Time-out is almost universally accepted in our North American culture as a “go to” parenting behavioral technique. However, I often wonder about what message we are sending to our children when we use time-out. What are we teaching them?
Despite its immense popularity, as evidenced by TV shows like “Super Nanny, ” there are many reasons why time-out can be a less-than-stellar approach.
First and foremost, time-out does not help kids learn what to do with their feelings. Rather, it sends them away right at the time when they actually might benefit from our assistance.
Time-out also creates an inherent power struggle between parent and child. And however it is billed in the literature, kids do experience it as punishment.
When I talk with parents, many of them report with frustration that time-out “doesn’t work.” I agree. What parents can really benefit from is information about how our brain and emotions interact.
It is very difficult, if not impossible, for a child (or anyone for that matter) to “get it together” when they are already upset. Parents and kids need tools and strategies to learn how to calm themselves down.
When you first start to notice your child is becoming distressed, try to identify the “need” that underlies the behavior. Instead of focusing on the behavior immediately, ask yourself, “Is my child tired, hungry or frustrated? Addressing that “need” can often stop the behavior in its tracks.
A time-out can be a lifesaver for parents themselves when they feel their own stress rising. Walking away and counting to 10 before acting can be a very prudent step to take as an adult. But for your child, let me suggest a “time-in” instead.
A “time-in” simply means taking some time together to try to calm down. Ask your child if she needs a hug or a “time-in”(or whatever name you want to call it). Then, suggest one of the ideas listed below that you have already planned together for times like these:
Try belly breathing together so your child can practice relaxing his or her body. Once they get the hang of it, they can learn to breathe through an anxious or upset feeling.
Listen to guided imagery CDs so your child can learn and practice techniques to calm himself.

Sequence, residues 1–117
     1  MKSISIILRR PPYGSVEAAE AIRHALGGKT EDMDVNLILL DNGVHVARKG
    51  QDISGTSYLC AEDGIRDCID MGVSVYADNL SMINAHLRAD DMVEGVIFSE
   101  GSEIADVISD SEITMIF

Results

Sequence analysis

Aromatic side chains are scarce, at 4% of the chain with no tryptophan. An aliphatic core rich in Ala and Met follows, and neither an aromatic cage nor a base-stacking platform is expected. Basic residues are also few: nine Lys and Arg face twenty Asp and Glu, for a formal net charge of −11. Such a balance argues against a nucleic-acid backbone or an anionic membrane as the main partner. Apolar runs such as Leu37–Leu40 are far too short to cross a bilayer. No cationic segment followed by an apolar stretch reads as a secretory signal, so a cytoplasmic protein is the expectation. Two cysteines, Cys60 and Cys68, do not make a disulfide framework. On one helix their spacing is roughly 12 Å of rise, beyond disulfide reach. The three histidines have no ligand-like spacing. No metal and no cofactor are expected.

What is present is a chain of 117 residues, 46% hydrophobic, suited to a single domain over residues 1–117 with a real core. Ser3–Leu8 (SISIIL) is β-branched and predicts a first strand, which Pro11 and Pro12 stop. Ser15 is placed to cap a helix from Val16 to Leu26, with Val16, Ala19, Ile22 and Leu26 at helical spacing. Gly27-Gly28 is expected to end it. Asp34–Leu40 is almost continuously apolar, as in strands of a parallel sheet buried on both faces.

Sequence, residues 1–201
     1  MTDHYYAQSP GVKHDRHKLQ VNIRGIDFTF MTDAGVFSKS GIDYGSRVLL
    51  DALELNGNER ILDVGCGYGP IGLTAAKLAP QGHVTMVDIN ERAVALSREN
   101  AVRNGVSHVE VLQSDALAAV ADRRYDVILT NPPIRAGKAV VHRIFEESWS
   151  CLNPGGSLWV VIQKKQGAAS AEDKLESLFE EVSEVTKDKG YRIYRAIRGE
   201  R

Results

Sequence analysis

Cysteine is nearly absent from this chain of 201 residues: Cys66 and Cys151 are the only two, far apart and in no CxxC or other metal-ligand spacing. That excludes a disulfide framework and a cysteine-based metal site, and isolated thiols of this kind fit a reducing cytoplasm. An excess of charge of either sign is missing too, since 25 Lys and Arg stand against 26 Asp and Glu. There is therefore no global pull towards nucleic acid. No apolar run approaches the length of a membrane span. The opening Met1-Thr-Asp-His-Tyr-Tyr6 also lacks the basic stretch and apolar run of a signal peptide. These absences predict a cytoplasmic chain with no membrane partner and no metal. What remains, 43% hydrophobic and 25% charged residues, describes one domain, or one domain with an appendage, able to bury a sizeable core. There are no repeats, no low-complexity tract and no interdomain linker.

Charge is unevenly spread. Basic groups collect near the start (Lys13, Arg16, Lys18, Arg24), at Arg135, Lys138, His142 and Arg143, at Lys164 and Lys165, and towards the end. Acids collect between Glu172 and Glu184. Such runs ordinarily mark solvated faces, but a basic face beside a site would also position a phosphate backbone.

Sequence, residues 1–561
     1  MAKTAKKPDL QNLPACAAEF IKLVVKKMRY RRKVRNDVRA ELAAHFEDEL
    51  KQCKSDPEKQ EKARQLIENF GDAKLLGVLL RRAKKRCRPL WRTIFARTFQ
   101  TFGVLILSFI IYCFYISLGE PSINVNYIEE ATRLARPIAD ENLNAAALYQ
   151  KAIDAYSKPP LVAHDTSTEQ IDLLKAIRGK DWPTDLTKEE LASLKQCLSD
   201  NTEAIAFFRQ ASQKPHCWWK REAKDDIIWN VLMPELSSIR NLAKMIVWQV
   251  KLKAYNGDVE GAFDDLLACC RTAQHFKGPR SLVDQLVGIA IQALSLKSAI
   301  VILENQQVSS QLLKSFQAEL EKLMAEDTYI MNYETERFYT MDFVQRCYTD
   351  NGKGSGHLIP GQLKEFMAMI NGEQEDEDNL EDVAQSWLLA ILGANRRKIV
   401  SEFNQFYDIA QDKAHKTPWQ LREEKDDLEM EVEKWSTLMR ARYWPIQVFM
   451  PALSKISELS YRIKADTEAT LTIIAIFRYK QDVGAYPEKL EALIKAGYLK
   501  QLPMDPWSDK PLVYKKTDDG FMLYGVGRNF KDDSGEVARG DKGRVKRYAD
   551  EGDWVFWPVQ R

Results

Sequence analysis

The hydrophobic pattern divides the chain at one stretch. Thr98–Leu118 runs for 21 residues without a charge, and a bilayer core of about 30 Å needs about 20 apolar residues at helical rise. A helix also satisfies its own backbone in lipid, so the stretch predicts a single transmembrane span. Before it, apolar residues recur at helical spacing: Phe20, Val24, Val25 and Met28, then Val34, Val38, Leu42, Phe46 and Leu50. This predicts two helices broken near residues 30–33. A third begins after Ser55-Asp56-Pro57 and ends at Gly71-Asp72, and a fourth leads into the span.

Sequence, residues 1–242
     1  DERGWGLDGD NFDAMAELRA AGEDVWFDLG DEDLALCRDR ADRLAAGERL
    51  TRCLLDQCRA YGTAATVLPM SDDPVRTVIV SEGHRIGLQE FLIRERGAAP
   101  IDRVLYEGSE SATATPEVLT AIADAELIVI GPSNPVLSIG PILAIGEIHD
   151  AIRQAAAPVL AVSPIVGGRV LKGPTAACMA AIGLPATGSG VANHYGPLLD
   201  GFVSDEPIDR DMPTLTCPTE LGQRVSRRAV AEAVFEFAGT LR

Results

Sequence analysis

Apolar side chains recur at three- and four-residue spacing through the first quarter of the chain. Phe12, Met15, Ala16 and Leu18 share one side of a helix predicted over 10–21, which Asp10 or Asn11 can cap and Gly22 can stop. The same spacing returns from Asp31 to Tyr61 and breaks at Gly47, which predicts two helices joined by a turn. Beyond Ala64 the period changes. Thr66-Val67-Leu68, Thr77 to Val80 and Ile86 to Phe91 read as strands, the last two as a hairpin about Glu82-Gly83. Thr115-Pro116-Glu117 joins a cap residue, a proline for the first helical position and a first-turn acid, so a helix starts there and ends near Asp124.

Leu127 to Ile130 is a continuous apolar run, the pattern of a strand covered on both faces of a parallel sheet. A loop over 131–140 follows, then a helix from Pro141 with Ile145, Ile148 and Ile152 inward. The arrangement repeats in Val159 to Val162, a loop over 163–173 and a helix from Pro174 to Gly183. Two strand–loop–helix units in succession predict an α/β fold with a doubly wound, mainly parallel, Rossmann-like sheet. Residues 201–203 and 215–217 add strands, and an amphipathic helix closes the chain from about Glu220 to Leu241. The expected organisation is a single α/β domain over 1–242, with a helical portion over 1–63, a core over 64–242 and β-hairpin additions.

Images and imagery are wonderful tools to help children calm down and relax. When your child is not feeling upset, ask her to think of a favorite animal, toy, or a place or that helps her relax. You can remind your child to think of this image when they are feeling stressed.
Help build your child’s emotional vocabulary by creating or buy a feelings chart that you can refer to talk about different kinds of emotions.
If you have a pet, suggest your child lie next your dog or cat to calm down.
If your child is very upset and can’t use any self-soothing techniques then stay close by until she calms down. You can talk about what happened and problem-solve together once she is feeling less distress.
Telling the story afterward of what happened when your child became upset can actually help them process what happened and learn new ways to approach things next time.
If we can think of ourselves as our children’s emotional coaches we will really teach our children something they can carry into adulthoo — managing their own intense feelings.
There are many ways to handle behavior and parenting with empathy does not mean that you don’t set limits. Below are some books I recommended to learn more about becoming your child’s emotional coach and parenting with empathy:
“The Whole Brain Child” (2011, Delacorte Press)
“Between Parent and Child” (2003, Three Rivers Press)
“How to Talks So Kids Will Listen & Listen So Kids Will Talk” (2012, Scribner)
“Unconditional Parenting: Moving from Rewards and Punishment to Love and Reason” (2005, Atria Books)
“The Happiest Toddler on the Block” (2008, Bantam Dell)